Throwing Off the Llama’s Groove

When arriving in Bolivia I considered myself someone who ate vegetarian; not that I never ate meat, just that I preferred vegetables and ate small quantities of meat when doing so. Though I do have a humanitarian aversion towards the inhumane breeding and slaughtering of animals, I mainly eat vegetarian for personal health reasons; eating meat honestly just tears my stomach apart. That being said, I don’t feel I have ever fully grasped the connection between meat and the animal from which it comes. I obviously consciously realize that burgers are cow and my Pollos Copacabana is the product of killing chickens, but these meats are such a staple of American cuisine that I have never forced myself to picture the meal in front of me as the remnants of a defenseless creature – until today.

Though I immensely appreciated and enjoyed the traditional communal meal- aphathi – prepared for us by our gracious hosts today in Jaillihuaya, I experienced this realization when served grilled llama meat within the vicinity of a llama grazing field.. It was the same feeling of betrayal and discomfort as when you use black slang in front of your African American friend and realize that isn’t your place or right. I felt as if the llamas were looking at me, scolding me for eating their friend, possibly weeping for his or her loss. I know this is vacuous and unlikely considering they aren’t rational beings but the sentiment was there nonetheless.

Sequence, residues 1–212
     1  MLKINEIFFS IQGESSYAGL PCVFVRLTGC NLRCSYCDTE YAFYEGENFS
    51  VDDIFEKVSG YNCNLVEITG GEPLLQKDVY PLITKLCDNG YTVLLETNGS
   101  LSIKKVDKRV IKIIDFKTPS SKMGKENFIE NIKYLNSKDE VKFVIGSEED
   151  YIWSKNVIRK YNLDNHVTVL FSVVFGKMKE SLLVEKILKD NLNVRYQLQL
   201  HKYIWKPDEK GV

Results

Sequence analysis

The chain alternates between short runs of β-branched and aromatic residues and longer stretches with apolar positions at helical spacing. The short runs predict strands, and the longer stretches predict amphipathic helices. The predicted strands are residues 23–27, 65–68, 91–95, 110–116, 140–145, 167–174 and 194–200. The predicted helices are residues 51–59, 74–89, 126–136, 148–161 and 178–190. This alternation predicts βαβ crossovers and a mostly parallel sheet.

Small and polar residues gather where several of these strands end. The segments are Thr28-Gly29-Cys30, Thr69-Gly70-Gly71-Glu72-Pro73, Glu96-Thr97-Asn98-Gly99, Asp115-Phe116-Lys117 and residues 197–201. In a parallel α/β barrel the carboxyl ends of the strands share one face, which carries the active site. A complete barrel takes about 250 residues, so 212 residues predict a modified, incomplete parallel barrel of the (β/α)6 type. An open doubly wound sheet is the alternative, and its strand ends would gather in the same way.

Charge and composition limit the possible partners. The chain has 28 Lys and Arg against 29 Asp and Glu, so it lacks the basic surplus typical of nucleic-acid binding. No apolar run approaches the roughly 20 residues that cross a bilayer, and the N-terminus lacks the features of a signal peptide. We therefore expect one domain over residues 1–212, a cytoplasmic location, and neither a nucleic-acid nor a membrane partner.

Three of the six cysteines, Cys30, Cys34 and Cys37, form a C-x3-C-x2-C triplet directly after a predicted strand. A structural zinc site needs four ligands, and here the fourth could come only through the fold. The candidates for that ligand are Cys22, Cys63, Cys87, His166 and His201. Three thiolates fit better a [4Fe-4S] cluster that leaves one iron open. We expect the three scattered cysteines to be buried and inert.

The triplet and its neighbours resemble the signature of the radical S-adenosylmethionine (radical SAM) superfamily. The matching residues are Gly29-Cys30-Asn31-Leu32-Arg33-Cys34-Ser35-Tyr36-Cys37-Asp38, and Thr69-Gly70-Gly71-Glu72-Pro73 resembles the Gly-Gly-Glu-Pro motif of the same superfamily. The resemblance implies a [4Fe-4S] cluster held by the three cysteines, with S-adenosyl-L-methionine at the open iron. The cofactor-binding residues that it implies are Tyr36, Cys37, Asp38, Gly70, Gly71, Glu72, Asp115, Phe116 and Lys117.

It is also important to note here that I realize that there is a circle of life and that the Jallihuaya people depend on this meat for their survival, I am not judging this fact in any way, but I personally feel that with my privilege and ability it is my responsibility to avoid the extraneous squandering of such life. Now I’m not saying that I will never eat bacon or friend chicken again, but I plan to continue keeping my consumption to a minimum and to recognize the sacrifice made with every meal. I definitely left today a new person with a fresh perspective and understanding of what it means to eat meat and why it is important to respect and completely use the creature you sacrifice for sustenance.

One thought on “Throwing Off the Llama’s Groove

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  1. Eating meat is increasingly a complex, political (and moral) issue. I eat meat. But it’s interesting that much of the way Americans (in general) identify with meat is more abstract than what you may have experienced in the altiplano. Farmers, of course, have long had a more intimate relationship with their meat. I knew a girl in high school who received a calf when she was younger, which she raised as part of her 4H club. She knew she was going to eat it for her senior graduation dinner, and named it BBQ. She loved that cow, and cared for it for many years. But she always knew she was someday going to eat it. That kind of “real” understanding of where meat comes from is increasingly rare in the US. It’s an interesting perspective to try to put oneself into.

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